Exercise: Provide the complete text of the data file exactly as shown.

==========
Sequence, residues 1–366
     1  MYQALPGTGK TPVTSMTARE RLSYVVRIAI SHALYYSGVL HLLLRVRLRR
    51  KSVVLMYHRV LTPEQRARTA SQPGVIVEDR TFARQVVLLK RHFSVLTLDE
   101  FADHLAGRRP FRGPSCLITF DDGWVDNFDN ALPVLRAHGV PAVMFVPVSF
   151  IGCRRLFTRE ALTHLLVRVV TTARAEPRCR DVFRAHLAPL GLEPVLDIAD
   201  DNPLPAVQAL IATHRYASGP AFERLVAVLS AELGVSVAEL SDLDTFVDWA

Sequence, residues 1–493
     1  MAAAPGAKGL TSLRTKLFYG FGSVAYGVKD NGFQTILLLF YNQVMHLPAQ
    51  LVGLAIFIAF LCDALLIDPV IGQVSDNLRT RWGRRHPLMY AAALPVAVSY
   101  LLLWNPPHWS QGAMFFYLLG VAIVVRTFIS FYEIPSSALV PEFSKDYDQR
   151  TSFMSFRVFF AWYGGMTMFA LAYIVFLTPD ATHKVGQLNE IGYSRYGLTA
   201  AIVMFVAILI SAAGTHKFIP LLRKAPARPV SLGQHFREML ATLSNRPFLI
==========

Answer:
Sequence, residues 1–366
     1  MYQALPGTGK TPVTSMTARE RLSYVVRIAI SHALYYSGVL HLLLRVRLRR
    51  KSVVLMYHRV LTPEQRARTA SQPGVIVEDR TFARQVVLLK RHFSVLTLDE
   101  FADHLAGRRP FRGPSCLITF DDGWVDNFDN ALPVLRAHGV PAVMFVPVSF
   151  IGCRRLFTRE ALTHLLVRVV TTARAEPRCR DVFRAHLAPL GLEPVLDIAD
   201  DNPLPAVQAL IATHRYASGP AFERLVAVLS AELGVSVAEL SDLDTFVDWA

Sequence, residues 1–493
     1  MAAAPGAKGL TSLRTKLFYG FGSVAYGVKD NGFQTILLLF YNQVMHLPAQ
    51  LVGLAIFIAF LCDALLIDPV IGQVSDNLRT RWGRRHPLMY AAALPVAVSY
   101  LLLWNPPHWS QGAMFFYLLG VAIVVRTFIS FYEIPSSALV PEFSKDYDQR
   151  TSFMSFRVFF AWYGGMTMFA LAYIVFLTPD ATHKVGQLNE IGYSRYGLTA
   201  AIVMFVAILI SAAGTHKFIP LLRKAPARPV SLGQHFREML ATLSNRPFLI